The lowriding community has been building motorcycles for many years now and in the last two years Lowrider Magazine has started to feature them. Almost all of the bikes that we’ve featured have followed the gangster bike style. Spoke wheels, whitewalls and “apehanger” bars are but a few of the things that define that style, but there are quite a few lowriders building chopper-style bikes, too.
We wanted to feature two of these chopper-style bikes that have been brought to our attention. Just like lowriding isn’t all about just the six-fours, here’s a little taste of another genre of motorcycles. Mundo Perez of Baldwin Park, California, and Gil Gerk of Richmond, California, both chose to ride down the chopper road.
Mundo’s bike, “Barrio Special,” was a two-year project funded by money that he hid from his wife. She once found the money and that brought the project to a crawl for a moment, but the 2000 Harley-Davidson Softail got finished anyway. A Legend air suspension system raises and lowers the rear in addition to giving the bike a smooth ride. The frame received a 3-inch stretch and 38-degree rake.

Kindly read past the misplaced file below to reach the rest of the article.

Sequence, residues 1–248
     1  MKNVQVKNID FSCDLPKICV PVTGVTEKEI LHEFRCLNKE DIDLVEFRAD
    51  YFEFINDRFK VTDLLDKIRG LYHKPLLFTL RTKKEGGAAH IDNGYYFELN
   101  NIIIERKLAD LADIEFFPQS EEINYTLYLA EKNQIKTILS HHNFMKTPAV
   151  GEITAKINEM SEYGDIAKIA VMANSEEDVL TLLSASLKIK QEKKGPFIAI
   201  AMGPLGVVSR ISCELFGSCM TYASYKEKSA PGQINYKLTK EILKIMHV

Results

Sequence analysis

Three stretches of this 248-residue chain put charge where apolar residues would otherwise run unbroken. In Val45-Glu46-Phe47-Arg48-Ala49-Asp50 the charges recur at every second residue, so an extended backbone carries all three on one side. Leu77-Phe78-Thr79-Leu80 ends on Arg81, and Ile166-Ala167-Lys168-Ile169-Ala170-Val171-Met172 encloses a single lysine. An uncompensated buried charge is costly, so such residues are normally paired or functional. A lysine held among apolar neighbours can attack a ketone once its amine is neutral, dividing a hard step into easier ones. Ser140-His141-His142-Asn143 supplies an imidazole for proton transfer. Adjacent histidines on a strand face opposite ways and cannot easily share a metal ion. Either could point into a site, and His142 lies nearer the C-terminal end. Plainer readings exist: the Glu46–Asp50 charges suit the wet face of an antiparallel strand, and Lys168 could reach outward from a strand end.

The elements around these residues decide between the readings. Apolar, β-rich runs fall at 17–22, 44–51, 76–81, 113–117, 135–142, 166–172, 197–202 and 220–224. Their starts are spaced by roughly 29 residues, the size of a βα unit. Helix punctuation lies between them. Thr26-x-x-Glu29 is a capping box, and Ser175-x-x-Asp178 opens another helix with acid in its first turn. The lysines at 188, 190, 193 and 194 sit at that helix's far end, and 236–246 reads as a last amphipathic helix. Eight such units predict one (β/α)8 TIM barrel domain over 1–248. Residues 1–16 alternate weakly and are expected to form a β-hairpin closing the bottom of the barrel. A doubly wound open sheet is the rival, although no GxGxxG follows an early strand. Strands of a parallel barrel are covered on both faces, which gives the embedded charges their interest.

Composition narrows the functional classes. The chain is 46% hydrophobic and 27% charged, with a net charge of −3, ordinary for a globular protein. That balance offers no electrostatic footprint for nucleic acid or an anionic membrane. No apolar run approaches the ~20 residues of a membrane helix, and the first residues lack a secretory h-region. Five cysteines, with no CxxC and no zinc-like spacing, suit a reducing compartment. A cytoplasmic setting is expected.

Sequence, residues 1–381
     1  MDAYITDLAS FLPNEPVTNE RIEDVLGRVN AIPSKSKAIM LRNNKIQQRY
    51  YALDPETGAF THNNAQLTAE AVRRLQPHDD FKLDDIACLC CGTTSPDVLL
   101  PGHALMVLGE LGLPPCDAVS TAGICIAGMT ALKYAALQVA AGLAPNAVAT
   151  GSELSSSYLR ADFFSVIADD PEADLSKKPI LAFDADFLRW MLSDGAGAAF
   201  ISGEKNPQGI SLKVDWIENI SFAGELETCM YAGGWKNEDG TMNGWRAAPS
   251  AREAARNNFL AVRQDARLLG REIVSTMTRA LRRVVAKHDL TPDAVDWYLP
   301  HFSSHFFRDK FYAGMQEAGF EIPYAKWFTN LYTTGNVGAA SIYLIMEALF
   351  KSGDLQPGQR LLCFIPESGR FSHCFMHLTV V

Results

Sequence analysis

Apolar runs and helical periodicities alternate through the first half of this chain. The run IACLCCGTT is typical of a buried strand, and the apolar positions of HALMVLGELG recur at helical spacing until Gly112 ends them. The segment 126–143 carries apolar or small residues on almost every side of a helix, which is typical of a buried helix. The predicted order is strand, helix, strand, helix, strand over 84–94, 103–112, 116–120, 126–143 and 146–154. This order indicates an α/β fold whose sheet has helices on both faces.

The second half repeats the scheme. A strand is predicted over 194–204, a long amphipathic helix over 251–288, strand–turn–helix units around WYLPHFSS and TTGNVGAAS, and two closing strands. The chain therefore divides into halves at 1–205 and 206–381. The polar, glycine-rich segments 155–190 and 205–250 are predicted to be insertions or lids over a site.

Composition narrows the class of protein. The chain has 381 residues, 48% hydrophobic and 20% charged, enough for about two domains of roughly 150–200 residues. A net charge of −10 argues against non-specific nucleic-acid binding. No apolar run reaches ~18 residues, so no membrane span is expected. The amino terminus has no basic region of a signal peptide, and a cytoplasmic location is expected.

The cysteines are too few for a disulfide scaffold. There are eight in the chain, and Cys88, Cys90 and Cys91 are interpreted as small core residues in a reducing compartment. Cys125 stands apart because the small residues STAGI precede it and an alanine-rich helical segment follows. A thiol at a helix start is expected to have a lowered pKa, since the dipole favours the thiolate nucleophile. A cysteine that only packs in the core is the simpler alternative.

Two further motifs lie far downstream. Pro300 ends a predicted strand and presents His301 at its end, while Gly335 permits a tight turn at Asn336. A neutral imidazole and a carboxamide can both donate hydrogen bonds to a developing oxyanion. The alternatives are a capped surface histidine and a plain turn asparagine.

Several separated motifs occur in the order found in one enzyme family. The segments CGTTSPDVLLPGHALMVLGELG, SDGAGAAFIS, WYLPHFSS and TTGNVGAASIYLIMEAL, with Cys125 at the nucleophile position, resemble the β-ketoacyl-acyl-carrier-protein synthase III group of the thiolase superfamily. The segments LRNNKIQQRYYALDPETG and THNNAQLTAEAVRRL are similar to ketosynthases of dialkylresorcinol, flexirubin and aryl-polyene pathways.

Dave at Motorcycle Goodies in Pasadena, California, handled most of the mechanicals, including the 100-cubic-inch S&S motor featuring a D&M exhaust. Danny, Steve and Abel of D&D Designs in Baldwin Park were responsible for the flawless paint job. The gold pearl yellow finish with graphics makes the bike a stand-out when it’s rolling down the street. Barrio Special has garnered its share of Best Paint awards at numerous shows.
Gil’s bike, “Aged To Perfection,” was a labor of love and was built over a six-year period. Gil is a custom fabricator and painter by trade, and the shop that he works at, Tekni-Color, did much of the body mods and paint. Gil’s ’05 Harley was built by Richmond Custom Cycles, where they were responsible for assembling all of the fine components from various manufacturers, including Arlen Ness, Wicked Image and Corbin, just to name a few.
The 96-cubic-inch S&S motor attached to a Rev Tech six-speed tranny releases its combustive by-products into a Rich Products exhaust. The candy red paint received some tasty licks from the pinstriping brush of Rory that complement the silver flake and murals that adorn the tank, fenders and covers. Sherm’s of Richmond handled all of the blingy stuff called chrome to complete the pretty picture.